Anyone who owns the cookbook I'm about to rave about probably knows which one it is from the title of this post. For anyone who has not yet experienced the wonder of a cookbook elegantly written about a diverse collection of edible treasures by a self-proclaimed food hedonist who relies on both her childhood in the coal-mining, rural region of Pennsylvania and her adulthood in the bustling mini-metropolis that is Philadelphia, I'll fill you in.
The Urban Vegan by Dynise Balcavage.
I wanted this book because I follow her blog and wanted to support her in this venture. I really wanted this book after reading about Jess (from Get Sconed)'s adventures with her copy of the book. I love the very varied aspects of this book - she covers everything from replications of Philadelphia street cart fare to diner favorites to unpronounceable (by non-world-travelers) haute cuisine.
Not only are there enough dissident recipes to keep a foodie on their toes and in the kitchen, the tidbits she adds throughout the book are a pleasure to read - introductions to recipes, reminiscences of her childhood Polish food, strategies for making a dinner party as hostess-friendly as it is guest-friendly. In one such tidbit, she reveals seeking a Masters degree in English, which really ties everything together and explains why the book uses such elegant language with obvious ease. Reading some of her descriptions made my mouth water and I had to take a dinner break...and then a dessert break. I haven't had the privilege of cooking anything from this cookbook yet, but I have read it cover to cover (I'm not kidding) twice in the last 2 days and have constructed my entire extended-week-plus-special-Easter-dinner menu from those precious pages.
1. Cameroon Mafe which looks to be a slightly more exotic peanut-based stew than others I've made.
2. Granada Paella - I will admit, I hesitated for quite a while before allowing myself to add this to the menu. I haven't had the greatest luck with these rice-cooking-simmerers, and I have gotten terribly spoiled with my growing collection of blink-and-dinner's-done cookbooks.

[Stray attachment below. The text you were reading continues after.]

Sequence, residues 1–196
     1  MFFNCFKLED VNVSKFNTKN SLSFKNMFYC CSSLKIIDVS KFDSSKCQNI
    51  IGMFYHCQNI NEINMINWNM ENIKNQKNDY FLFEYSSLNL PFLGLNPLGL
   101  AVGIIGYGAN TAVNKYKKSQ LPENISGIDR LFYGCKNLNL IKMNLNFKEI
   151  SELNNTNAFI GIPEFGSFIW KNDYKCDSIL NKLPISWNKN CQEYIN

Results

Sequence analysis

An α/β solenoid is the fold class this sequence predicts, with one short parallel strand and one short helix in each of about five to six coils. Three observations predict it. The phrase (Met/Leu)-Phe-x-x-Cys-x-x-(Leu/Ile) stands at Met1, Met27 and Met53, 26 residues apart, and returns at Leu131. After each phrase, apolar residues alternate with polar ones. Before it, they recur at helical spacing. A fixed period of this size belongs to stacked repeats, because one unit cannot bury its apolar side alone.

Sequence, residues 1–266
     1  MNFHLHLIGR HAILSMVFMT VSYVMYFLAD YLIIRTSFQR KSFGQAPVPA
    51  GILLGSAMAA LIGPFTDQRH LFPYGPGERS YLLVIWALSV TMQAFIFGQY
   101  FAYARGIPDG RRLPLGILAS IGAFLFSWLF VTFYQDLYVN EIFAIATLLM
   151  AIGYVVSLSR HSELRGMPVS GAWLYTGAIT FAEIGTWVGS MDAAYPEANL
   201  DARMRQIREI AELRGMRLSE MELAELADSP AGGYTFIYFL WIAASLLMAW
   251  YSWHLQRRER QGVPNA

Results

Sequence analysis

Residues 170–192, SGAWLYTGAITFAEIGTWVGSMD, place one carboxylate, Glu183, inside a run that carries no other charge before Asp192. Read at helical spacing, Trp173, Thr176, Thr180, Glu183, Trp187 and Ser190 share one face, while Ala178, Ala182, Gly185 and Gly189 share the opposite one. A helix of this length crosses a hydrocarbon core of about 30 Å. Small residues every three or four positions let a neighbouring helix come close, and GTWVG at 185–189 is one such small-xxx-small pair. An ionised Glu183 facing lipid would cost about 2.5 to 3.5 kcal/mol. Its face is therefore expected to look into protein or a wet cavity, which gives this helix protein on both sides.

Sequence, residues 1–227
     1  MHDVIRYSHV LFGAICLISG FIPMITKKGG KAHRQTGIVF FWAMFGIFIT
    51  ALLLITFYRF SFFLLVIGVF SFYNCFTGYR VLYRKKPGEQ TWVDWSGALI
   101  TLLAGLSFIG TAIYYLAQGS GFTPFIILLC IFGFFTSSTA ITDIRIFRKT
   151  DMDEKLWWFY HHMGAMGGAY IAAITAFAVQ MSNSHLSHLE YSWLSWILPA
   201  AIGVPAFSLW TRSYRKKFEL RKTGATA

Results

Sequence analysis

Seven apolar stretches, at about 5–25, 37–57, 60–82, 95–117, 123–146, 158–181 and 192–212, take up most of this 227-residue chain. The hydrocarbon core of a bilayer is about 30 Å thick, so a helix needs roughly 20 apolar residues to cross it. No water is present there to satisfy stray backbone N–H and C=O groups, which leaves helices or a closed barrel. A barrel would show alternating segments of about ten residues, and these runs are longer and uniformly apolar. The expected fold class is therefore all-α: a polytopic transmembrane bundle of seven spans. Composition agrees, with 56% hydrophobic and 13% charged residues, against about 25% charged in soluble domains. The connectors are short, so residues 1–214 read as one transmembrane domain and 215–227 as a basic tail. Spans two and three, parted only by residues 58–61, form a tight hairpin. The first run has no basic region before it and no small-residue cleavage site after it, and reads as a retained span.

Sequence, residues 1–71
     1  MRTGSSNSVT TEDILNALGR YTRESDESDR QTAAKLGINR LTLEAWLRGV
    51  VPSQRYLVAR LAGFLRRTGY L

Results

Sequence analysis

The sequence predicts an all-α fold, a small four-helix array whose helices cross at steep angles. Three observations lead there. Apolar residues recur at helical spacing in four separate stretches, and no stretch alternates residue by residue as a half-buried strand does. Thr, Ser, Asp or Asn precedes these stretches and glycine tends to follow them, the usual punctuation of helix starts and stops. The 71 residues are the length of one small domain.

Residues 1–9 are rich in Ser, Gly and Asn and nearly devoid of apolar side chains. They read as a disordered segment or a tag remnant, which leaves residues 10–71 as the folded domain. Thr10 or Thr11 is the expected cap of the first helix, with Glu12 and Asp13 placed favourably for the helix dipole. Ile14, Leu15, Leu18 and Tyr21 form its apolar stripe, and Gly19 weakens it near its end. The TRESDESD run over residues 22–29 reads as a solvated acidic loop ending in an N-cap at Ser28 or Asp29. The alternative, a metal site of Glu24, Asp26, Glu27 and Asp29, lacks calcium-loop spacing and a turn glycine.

3. Orecchiette con Broccoli accompanied by Tuscan Braised Beans. Orecchiette is such an awesome and sometimes difficult to locate pasta shape. When I found that SuperFresh (of all places) regularly stocks it, I found a growing desire to use it whenever possible. I'm actually really excited about the beans - when I saw the recipe, I thought, "I must find a reason to make these." Neither pasta (generally) nor broccoli packs much of a protein punch, so I figured this was a good combination, culturally and nutritionally.
4. Balsamic-Roasted Vegetables because seriously, what part of that doesn't sound great? I hate to tweak recipes I haven't made yet, but because she actually invites variation throughout the book and because the things I am adding are actually suggested at the end of the recipe, I don't feel so bad.
5. Tunisian Soup - I was a lot hesitant to include this. Don't get me wrong - when I saw the recipe, I thought it looks amazing and like something that belongs in my belly. However, it is not only officially Springtime, but the weather in Philadelphia is supposed to be gorgeous this week - not terribly conducive to soup slurping. Ultimately, I stared at weather.com until I found a rainy day, so there's my justification.
6. Cauliflower-Chickpea Tagine - this ought to make it up to Mister that I'm going to feed him soup in 70-some-degree weather.
I also found the dish(es?) I will be sharing with my family on Easter, but I like surprising my family so my lips/fingers are sealed for now.
By the way, I was so excited about that Spicy Stirfry with Clementines, Asparagus, and Tofu that I made it twice in the same month - I can't remember the last time I did that [heating up leftovers does not count]. As I mentioned in the menu for last week, I planned to use mandarin oranges instead of Clementines. Let me leave you with a word of advice: don't do that.